Cafe Sophie brings a touch of the French countryside to Kent Island

August 14, 1992|By Elizabeth Large | Elizabeth Large,Restaurant Critic

The town of Stevensville isn't the first place I'd think of going for French food. But this tiny town just across the Bay Bridge, which has a general store and an antique shop or two, also has a small French restaurant called Cafe Sophie.

I'm not suggesting that if you live in Baltimore you ought to rush right down to Stevensville. Think of Cafe Sophie as an alternative to the various fast food places and motel restaurants along Route 50. Stevensville is only a few minutes away from the main drag. If you bother to make the short detour, you'll find yourself at a restaurant on the quiet streets of a small town, not eating on the highway.

Cafe Sophie is a pretty place, with Maryland and French flags hanging outside and a table in front if you feel like eating outdoors. Inside the walls are white and deep blue with blue-and-white checked tablecloths and bright red folding chairs. It's not formal: There are paper place mats on top of the tablecloths.

For $14.95 you get one of two dinners, which change from night to night. First courses are extra. The menu is more varied at lunchtime, with a choice of homemade soups, perhaps a croque monsieur, other hot entrees and pates. Everything is made by owner Suzanne Peach, a small, spry woman originally from Lyons. She's lived with her family on Kent Island for the last 10 years; she opened her restaurant a year and a half ago.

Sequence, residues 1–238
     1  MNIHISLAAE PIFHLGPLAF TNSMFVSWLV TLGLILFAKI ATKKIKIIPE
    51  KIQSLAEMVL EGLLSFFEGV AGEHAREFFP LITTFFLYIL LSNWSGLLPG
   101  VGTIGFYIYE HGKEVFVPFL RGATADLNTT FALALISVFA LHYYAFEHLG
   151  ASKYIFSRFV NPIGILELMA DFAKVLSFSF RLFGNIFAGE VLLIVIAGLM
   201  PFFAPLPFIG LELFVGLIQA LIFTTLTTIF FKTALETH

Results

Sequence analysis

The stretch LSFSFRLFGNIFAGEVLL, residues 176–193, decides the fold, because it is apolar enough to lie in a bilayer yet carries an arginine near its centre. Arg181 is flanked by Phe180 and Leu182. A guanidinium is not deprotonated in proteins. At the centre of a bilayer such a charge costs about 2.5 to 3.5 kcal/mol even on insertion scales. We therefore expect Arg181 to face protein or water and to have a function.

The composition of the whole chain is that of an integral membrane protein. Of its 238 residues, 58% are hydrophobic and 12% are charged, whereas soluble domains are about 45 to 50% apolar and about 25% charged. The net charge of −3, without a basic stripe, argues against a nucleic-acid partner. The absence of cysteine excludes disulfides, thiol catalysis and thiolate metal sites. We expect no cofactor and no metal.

The menu, such as it is, is written on a blackboard. For first courses there was a choice of pork and chicken pates ($3.95) -- a peppery pate du chef, a coarser pate de campagne. They were pleasant enough without being particularly memorable, unadorned by cornichons or any other traditional accompaniment. Next came excellent and very simple salads -- just fresh red leaf lettuce and locally grown, intensely flavorful tomatoes in a fine vinaigrette.

We could choose between a beef stew made with Beaujolais or chicken thigh and leg cooked in white wine with tomatoes, red pepper and herbs. Real French country cooking: flavorful but not fancy. The one dish that would have held its own in the most elegant restaurant francais was a savory individual cauliflower mousse that came with the beef. Rice was served with both dinners, and sauteed zucchini accompanied the chicken.

Desserts are made on the premises; the best of them is a creme caramel, but there are also cold fruit souffles and a mocha cake.

We asked Mme. Peach's son Benjamin, who was our waiter, what the Eastern Shore thinks of French cooking; he said he didn't think anyone had tried it. Most of their customers, apparently, come not from Kent Island but from Annapolis and Baltimore -- or cruising boats putting in for the night.

Cafe Sophie

Where: Opposite Grollman's General Store, Stevensville.

Hours: Lunch Tuesdays to Saturdays, 11 a.m. to 4 p.m.; Sundays 11:30 a.m. to 3:30 p.m.; dinner Fridays and Saturdays, 6:30 to 9:30 p.m., closed Mondays.

Credit cards accepted: No.

Features: French country cooking.

Non-smoking section? No.

Call: (410) 643-8811.

** 1/2

Baltimore Sun Articles
|
|
|
Please note the green-lined linked article text has been applied commercially without any involvement from our newsroom editors, reporters or any other editorial staff.